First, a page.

The Trump administration is proposing to allow road building and logging in over half of the Tongass National Forest, the largest temperate rainforest in North America, in another blow to the environment under the President’s watch.

The US President Donald Trump has instructed Alaska’s top officials to overturn the no roads policy in the Tongass National Forest to open it up for logging and other economic interests such as mining.

The Tongass is located in South East Alaska on the Pacific coast and is home to huge ancient trees, which are home to a vast array of wildlife, including an estimated 40% of wild salmon, which spawn there.

The 16.7 million-acre Tongass covers 80% of land on the 500-mile Pacific coastline of south-eastern Alaska and as a temperate forest sequesters a huge amount of   carbon dioxide from the atmosphere.

However, despite Trump’s ambitious plans for the wilderness, 5.7 million acres must remain off-limits to any kind of development under any circumstances.

The Tongass has enjoyed a high level of environmental protection including a complete ban on road-building since 2001, just before President Bill Clinton left office. President George Bush tried to reverse the no roads policy but was blocked by a federal judge in 2011.

The US Forest Service will publish a draft environmental impact statement later this week, which will be subject to public comment for 60 days. It is envisaged that this will help the Agriculture Secretary Sonny Perdue to come to a final decision. However, it is understood by US media that Trump has requested that the Tongass be exempt from any limits on logging.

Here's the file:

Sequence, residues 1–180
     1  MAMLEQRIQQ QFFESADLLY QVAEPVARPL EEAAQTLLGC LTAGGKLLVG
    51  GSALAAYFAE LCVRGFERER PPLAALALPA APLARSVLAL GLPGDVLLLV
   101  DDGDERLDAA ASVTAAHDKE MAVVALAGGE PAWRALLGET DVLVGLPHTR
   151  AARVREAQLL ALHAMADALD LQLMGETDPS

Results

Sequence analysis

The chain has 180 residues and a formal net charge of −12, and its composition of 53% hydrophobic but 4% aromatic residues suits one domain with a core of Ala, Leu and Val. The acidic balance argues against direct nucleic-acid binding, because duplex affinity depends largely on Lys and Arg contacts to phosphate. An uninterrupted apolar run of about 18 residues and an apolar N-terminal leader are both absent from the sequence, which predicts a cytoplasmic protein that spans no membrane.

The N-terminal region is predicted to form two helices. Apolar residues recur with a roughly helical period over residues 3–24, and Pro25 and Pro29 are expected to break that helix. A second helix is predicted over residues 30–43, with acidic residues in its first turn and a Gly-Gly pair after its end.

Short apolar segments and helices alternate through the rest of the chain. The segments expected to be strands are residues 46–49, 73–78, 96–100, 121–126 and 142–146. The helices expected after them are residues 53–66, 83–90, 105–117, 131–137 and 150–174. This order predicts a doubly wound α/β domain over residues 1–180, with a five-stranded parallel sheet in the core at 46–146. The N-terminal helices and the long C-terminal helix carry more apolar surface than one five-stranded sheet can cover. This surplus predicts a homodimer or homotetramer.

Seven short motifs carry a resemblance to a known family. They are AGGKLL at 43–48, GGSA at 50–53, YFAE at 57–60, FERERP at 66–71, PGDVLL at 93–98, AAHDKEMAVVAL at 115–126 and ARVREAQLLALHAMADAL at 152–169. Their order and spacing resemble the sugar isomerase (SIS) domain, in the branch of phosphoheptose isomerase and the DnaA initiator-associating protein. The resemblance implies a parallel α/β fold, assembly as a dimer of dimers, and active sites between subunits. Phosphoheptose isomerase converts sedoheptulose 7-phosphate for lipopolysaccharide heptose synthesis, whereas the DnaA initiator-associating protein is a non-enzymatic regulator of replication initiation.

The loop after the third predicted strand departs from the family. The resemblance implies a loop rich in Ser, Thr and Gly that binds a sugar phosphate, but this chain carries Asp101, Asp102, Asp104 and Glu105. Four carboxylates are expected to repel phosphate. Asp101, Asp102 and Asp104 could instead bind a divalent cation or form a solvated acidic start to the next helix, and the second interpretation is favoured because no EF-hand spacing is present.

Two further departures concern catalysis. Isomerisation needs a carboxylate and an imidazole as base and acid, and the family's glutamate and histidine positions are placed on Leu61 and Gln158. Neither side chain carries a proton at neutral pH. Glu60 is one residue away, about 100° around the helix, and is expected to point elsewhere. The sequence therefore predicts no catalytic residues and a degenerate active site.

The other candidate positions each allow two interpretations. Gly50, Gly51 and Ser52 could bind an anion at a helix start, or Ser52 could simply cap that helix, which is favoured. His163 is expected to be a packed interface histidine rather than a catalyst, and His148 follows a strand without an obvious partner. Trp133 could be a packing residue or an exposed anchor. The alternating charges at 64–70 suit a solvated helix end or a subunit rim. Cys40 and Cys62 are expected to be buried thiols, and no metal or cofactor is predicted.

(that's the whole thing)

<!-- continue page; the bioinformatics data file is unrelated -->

Trump has strong support from all Alaska’s’ representatives in Congress who are all Republican.

“As Alaskans know well, the Roadless Rule hinders our ability to responsibly harvest timber, develop minerals, connect communities, or build energy projects to lower costs — including renewable energy projects like hydropower, all of which severely impedes the economy of Southeast,” said Sen. Dan Sullivan (R-Alaska) in a statement.

However, timber and logging do not even employ one percent of the local population compared to 8% who work in seafood processing and 17% who work in tourism. Tourism, in particular, depends on the pristine wilderness of the region being protected.

‘Roads Tend to Change Everything’

This has led to accusations among many locals that federal officials are ignoring the interests of local businesses.

“They’re just railroading this idea that we need full-scale logging back on the Tongass National Forest,” Keegan McCarthy, who owns a hunting and guiding business in the Tongass, which employs 20 people, told the Washington Post.

However, Earthjustice, an environmental group based in Juneau, the Alaskan capital, which is located in the Tongass is planning to challenge the move in the courts, and past court battles indicate that it has a good chance of winning.

“The bottom line is that the [forest] agency will face a heavy burden to justify this exemption. President Trump’s attack on the Tongass National Forest threatens an irreplaceable national treasure,” said Eric Jorgensen, the managing attorney ay Earthjustice.

Jorgensen added that time may be on their side, as the administration wouldn’t be able to finalise its plans  until next year and the forest service will have to carry out an environmental analysis on the same of land and revamp its existing management plan for Tongass and by then Trump will have served his first term and hopefully be out of office.

Scientists that know the area say that road-building and logging will fragment critical habitats for wildlife and will remove older trees that help trap sediment from getting into rivers. Once the old trees are cut down they are irreplaceable and even if new trees are planted they will look like a plantation not a forest and in any case will take years to grow to maturity.

“You put the roads in and that tends to change everything,” Gordon Reeves, who worked as a research scientist in Alaska and the Northwest USA for 35 years and now advises the forest service, said in a recent interview with US media.  

Main photo from

Edward Cowley